Highest new home inventory since 2008 among stalled projects and worst construction cost spike on record

Unfinished supply accumulates in the pipeline.

By Wolf Richter for WOLF STREET.

Amid shortages of materials, supplies and labor that have bogged down construction projects and grapple with a historic spike in costs, homebuilders have amassed 406,000 single-family homes for sale (seasonally adjusted ) in all stages of construction, according to the Census Bureau’s date today. This is the largest unsold stock since August 2008, up 69% from a year ago, representing 6.1 months of supply:

Massive procurement underway, by stage of construction.

Under construction: The number of homes for sale in January that were still under construction was essentially unchanged from December, at 263,000, and both were the highest since August 2007. About 46% of homes sold in January fell into this category; More on that in a moment.

Construction not started: The number of homes for sale that have not yet started construction jumped to 106,000 in January, the highest in data dating back to 1963, as homebuilders – seeing a hot market – pile up new projects of development. Nearly 30% of homes sold in January belonged to this category.

Completed houses: The number of completed homes for sale has reached 37,000 homes, still bouncing off the lowest levels in data dating back to 1963, as homebuilders complain of shortages of all kinds that are blocking projects and preventing them from complete the houses. When unsold homes are finally completed, they sell quickly. Only about 24% of homes sold fell into this category:

Sales of new homes, in total and by stage of construction.

Total new home sales in January fell at a seasonally adjusted annual rate of 801,000 homes, down 19% from January 2021 but up 6% from January 2020. Sales are much lower to the boom years of 2002-2006.

Multi-family buildings and towers have seen a construction boom over the past decade, but they are not included here.

Sales of houses under construction fell at a seasonally adjusted annual rate of 368,000 homes in January, from December’s level, which was the highest since April 2006 (green line in chart below). As a percentage of total sales, homes under construction fell to 46%.

Sales of houses whose construction has not yet started – which the homebuilder will build for the client – ​​jumped to a seasonally adjusted annual rate of 237,000 homes (purple line). Their share of total sales has risen to 30%, around the middle of the range for the past decade.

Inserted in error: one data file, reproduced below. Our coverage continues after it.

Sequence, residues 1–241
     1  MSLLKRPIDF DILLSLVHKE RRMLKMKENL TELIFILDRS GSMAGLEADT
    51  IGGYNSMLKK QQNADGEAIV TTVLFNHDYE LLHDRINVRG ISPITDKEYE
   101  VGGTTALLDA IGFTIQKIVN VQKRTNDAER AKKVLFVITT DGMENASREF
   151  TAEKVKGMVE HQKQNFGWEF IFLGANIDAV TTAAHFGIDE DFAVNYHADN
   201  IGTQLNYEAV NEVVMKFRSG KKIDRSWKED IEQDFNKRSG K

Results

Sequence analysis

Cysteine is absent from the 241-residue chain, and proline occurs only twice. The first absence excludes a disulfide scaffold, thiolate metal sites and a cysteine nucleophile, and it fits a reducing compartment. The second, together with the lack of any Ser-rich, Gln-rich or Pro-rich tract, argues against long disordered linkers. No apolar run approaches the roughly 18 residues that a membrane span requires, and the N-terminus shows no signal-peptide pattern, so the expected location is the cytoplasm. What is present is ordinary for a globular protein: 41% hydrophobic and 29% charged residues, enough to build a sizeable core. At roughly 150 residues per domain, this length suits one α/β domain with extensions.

Completed home sales fell at a seasonally adjusted annual rate of 196,000 homes (red line), down 29% from two years ago, as inventory for sale remained near record highs and there were not many completed homes for sale. The share of completed homes as a percentage of total sales fell to 24%.

Note how sales of homes that were still under construction now dominate (green) as builders face eternal delays getting what they need to finish their homes, from windows and bricks to garage doors and more by devices.

The mega-spike in construction costs.

Single Family Home Construction Costs – excluding the cost of land and other non-construction costs – increased an additional 1.1% for the month and 16.8% year over year, according to separate Census Bureau data today . Those year-over-year cost spikes in January and December were the worst in data dating back to 1964.

Passing on mega-spikes in construction costs, plus a few…

The median price of single-family homes sold in January reversed most of the composition-based decline in December and, at $423,000, was up 13% year-over-year. And as big as that increase seems, it’s down from increases in the 20% to 23% range that prevailed last year through November.

Thanks to homebuyers’ willingness to pay what they can afford, homebuilders are able to pass on soaring construction costs, more certain, to reap massive profits: the largest builder in houses, DR Horton, posted a massive record profit of $4.2 billion. in 2021, up 162% from its 2019 net profit. The surge in median prices at high sales volumes shows how:

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